Le projet d'exploitation minière à grande échelle suscite des inquiétudes parmi les résidents des communautés éloignées de l'Équateur. L'extraction du cuivre est en cours, de nouvelles mines sont proposées et les citoyens craignent que leur voix ne soit pas entendue.
“They lack information they can trust,” says Meche Lu, ELAW Staff Scientist, “They need information and they want to participate in the decision-making processes.”
Earlier this month, Meche traveled to remote regions of Ecuador to participate in workshops for community leaders and residents seeking information about the real impacts of mining and how to review Environmental Impact Assessments for proposed projects.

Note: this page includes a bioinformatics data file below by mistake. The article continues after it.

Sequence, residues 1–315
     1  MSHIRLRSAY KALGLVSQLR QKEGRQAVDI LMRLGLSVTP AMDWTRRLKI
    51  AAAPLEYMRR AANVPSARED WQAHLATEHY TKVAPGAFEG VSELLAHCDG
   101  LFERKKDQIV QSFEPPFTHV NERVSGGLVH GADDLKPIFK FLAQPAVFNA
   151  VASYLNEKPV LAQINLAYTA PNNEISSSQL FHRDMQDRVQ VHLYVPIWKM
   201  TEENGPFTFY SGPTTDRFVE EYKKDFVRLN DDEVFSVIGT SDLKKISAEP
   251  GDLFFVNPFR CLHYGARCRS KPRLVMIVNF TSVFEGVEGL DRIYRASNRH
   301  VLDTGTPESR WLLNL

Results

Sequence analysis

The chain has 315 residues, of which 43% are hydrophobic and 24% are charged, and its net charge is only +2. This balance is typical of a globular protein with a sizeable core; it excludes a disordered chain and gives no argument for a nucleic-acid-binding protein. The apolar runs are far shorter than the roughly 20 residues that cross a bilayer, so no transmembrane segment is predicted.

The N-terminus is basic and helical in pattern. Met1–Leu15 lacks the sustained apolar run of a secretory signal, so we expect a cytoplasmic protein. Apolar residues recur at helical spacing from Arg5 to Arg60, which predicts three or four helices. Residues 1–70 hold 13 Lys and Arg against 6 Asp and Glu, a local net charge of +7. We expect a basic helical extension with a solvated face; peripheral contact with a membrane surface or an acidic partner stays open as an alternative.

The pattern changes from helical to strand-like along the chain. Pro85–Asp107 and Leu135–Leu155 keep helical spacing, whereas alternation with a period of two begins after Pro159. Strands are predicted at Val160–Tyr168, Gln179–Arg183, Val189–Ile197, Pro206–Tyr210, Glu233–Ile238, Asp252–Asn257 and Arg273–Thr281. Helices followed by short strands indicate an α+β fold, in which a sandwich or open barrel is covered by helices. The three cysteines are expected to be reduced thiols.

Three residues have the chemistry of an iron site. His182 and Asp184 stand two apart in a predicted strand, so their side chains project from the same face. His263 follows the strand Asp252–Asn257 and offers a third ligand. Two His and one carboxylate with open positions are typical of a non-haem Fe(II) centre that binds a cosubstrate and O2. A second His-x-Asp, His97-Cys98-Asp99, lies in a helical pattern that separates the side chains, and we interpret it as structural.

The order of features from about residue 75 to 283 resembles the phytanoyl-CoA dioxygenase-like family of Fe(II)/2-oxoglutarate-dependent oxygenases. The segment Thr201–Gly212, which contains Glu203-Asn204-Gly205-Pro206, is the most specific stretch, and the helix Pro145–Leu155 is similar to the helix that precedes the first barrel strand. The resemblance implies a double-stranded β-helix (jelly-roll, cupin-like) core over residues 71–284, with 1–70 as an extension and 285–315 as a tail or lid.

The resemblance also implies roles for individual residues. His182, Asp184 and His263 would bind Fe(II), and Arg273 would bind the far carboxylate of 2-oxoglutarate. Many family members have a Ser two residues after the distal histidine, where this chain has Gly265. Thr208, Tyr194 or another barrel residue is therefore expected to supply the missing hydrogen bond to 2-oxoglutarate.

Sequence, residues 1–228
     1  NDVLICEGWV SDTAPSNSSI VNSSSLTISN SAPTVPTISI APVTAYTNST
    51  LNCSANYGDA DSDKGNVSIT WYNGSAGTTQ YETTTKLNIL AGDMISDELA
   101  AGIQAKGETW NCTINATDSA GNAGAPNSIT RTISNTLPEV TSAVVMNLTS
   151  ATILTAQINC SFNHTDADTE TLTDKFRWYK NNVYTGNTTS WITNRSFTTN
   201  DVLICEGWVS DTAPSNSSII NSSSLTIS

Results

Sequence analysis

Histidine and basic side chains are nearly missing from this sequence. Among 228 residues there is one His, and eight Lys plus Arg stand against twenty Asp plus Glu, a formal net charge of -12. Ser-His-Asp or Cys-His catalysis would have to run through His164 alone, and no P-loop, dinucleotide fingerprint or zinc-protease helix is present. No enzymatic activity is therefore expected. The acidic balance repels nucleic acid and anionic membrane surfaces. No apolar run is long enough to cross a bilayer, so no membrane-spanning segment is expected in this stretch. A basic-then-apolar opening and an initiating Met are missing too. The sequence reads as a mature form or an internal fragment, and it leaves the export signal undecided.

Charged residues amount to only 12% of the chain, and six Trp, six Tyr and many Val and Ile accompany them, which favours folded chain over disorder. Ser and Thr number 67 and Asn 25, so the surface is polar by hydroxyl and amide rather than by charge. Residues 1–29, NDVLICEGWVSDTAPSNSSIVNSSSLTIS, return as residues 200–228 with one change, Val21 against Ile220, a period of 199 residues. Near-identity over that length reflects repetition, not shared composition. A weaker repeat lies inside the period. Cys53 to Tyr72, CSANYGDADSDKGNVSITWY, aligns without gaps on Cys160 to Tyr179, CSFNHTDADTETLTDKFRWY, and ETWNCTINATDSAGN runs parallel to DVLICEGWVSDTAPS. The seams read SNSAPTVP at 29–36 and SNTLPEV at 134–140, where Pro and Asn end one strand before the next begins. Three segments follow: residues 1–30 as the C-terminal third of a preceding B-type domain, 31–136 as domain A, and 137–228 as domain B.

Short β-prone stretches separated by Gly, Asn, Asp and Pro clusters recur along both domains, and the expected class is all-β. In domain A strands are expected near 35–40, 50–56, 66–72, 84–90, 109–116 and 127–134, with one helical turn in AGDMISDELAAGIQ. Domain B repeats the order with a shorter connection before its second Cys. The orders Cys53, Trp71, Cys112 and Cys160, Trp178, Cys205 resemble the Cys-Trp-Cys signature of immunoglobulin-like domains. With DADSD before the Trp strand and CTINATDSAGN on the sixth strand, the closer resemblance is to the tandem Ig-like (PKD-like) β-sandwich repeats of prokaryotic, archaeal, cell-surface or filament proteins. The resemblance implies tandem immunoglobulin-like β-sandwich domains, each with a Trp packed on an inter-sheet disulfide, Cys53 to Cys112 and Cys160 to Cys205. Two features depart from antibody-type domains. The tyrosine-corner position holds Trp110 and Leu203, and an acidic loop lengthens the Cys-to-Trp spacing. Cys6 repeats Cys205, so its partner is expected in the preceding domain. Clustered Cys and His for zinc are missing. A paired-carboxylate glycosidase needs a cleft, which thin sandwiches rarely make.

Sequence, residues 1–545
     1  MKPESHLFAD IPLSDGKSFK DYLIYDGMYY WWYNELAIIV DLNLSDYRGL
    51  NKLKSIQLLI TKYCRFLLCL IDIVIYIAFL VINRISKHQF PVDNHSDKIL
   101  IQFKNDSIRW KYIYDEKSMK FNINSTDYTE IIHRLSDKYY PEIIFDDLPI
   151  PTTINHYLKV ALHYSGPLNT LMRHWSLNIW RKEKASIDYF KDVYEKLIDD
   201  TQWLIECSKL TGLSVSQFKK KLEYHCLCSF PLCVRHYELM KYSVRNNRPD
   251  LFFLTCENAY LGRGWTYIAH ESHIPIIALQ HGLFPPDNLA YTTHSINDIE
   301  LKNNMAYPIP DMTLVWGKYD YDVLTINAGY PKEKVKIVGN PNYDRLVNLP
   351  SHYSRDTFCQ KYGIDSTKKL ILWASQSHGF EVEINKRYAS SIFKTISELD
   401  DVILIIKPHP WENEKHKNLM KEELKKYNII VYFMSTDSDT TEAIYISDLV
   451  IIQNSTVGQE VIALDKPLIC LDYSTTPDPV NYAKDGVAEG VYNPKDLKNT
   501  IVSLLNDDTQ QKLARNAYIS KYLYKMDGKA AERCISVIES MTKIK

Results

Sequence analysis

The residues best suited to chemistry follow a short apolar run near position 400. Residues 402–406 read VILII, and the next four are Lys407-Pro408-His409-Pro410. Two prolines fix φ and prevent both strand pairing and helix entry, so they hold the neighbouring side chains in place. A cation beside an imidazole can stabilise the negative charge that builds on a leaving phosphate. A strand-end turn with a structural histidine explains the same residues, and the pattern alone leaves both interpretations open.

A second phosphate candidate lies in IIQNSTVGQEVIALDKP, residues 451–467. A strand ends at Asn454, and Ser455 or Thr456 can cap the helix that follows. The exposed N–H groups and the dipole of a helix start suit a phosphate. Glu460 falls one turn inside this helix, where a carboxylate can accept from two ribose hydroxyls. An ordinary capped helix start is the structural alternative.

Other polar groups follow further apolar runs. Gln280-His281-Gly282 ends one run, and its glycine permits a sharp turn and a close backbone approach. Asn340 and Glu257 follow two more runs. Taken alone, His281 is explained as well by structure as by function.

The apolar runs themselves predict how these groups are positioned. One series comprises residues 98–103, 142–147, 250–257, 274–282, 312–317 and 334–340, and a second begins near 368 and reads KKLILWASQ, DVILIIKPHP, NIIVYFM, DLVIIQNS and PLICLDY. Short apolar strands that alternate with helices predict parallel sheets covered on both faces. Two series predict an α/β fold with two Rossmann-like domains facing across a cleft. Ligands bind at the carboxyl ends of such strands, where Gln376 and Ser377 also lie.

“Large scale metal mining is proposed in areas with high rainfall and rugged terrain,” says Meche. “This poses substantial risk of soil erosion, water pollution, and acid mine drainage. The biggest local concern is acid mine drainage.”
Mining operations are proposed for Ecuador’s sub-tropical Andes in fragile ecosystems such as the Cotacachi Cayapas Ecological Reserve, home to the endangered spectacled bear and jaguar. Subsistence farmers and indigenous peoples here support themselves growing coffee, fruit, and sugarcane. They have been fighting gold and copper mining for years.
ELAW is pleased to work with local partners at ECOLEX to help the people of Ecuador understand their legal rights and make their voices heard about short-sighted mining projects.
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